Published by Economic Times Sep 13, 2013
There are four types of companies in this sector.
- Ever-flourishing Organizations, which are able to show consistent sales and profit growth, while maintaining a high ROCE.
- Asset inefficient organizations – that maintain sales and profit growth, but are unable to maintain a healthy ROCE.
- Turnover biased Organizations, which grow topline consistently, but are unable to maintain consistent profit growth.
- Starving Organizations, which are unable to grow consistently because of lack of orders
Most of the organizations make annual business plans as an ever-flourishing company. Yet, most of them fail to achieve that state in execution. The reasons are:
- Uncertainty and time lag between manufacturing capacity enhancements and additional demand,
- Disproportionately higher working capital required for managing the higher sales, and
- Increasing management strength (to improve coordination) without getting corresponding increase in output.
The Recipe for being an ever-flourishing company
The only way to be an ever flourishing company is to be in a state where the rate of growth of sales (and gross contribution) is always higher than the rate of growth of total fixed expenses and working capital requirements. This can happen only when the company has the:
- Ability to get significantly more output than the “best ever achieved in full load conditions” from current capacity, cash and management bandwidth.
- Ability to maintain an adequate order backlog, without dropping prices.
- Ability to always create disproportionately more capacity from small incremental investments.
A company can get significantly more output than the “best ever achieved in full load conditions” only when there is “hidden” capacity. At the same time, it can generate additional orders from same market and products, when there is “hidden” unfulfilled demand in current market. Any other strategy of expanding by adding new plant capacities or going to new markets with new products without first generating additional significant surplus cash (higher ROCE) cannot guarantee an everflourishing status.
Revealing the“hidden” capacity
Most equipment manufacturing companies define capacity in terms of the best physical output, with a specific product mix, achieved in a month. But this does not reveal inherent potential. The correct way of looking at capacity is to measure the exact touch time on the constraint work center (like the actual time spent in metal removal in a drilling machine, or time spent in assembly when complete components kit is available) and compare it with available calendar hours in a month. The “theoretical” numbers arrived in most cases, using the suggested method, are at least twice the best output ever achieved by the plant. Large part of the big gap between the “theory” and “actuals” is usually explained by periods of starvation in which the critical work center waits for either material or operators.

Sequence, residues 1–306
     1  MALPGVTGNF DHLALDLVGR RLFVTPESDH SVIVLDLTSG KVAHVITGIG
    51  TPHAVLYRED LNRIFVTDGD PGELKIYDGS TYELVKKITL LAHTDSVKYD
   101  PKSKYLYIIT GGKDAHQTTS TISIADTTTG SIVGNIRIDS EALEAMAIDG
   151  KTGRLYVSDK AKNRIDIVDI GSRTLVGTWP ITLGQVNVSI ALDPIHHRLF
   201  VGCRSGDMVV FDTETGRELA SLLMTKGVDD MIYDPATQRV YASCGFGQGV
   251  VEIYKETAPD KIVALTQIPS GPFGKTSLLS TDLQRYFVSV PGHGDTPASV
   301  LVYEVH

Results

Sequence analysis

Capacity & Cash Guzzler – The Monthly Planning System
Most equipment manufacturing organizations (other than large equipments where every component is engineered for an order) follow a monthly planning system. A snapshot of actual execution performance is taken at the end of the “current” month and a fresh plan for next month is made, considering order done closer to “current” month end; vendors are able react to it well into the start of next month. As different feeding components have varying lead times, it takes time to complete a full kit. As a result, capacity is lost in the first half of the month. WIP (work-inprogress) goes up, as initial work centers are kept busy processing whatever components arrive. Pile-ups happen in front of assembly points with WIP and raw material inventory ballooning as the month progresses. Production of missing parts is expedited, which in turn affects the scheduling of other parts, creating a vicious loop of more de-synchronization for assembly and loss of capacity (additional set ups) in parts manufacturing. Consequently, even when WIP piles up, desynchronization causes under-utilization at assembly. Capacity is lost, not only when there is very low WIP, but also when there is excessive WIP.
As the full kits start getting ready, the remaining time (capacity) available in the month, to complete the entire plan falls short. Significant quantum of orders gets spilled over to the next month.
By the month end, to show a lower inventory in management reports, plant managers stop inflow of parts, which cannot help in the current month’s billing. The practice forces vendors to wait for fresh plans to get the right picture. At the end, a snapshot is taken of pending orders and excessive WIP and raw material, and a new plan is made after “netting” off. The same cycle of starvation in first half and pile up in second half repeats every month. If the lead-time of manufacturing the equipment is higher than a month, then such skewed output waves can also be observed towards every quarter end.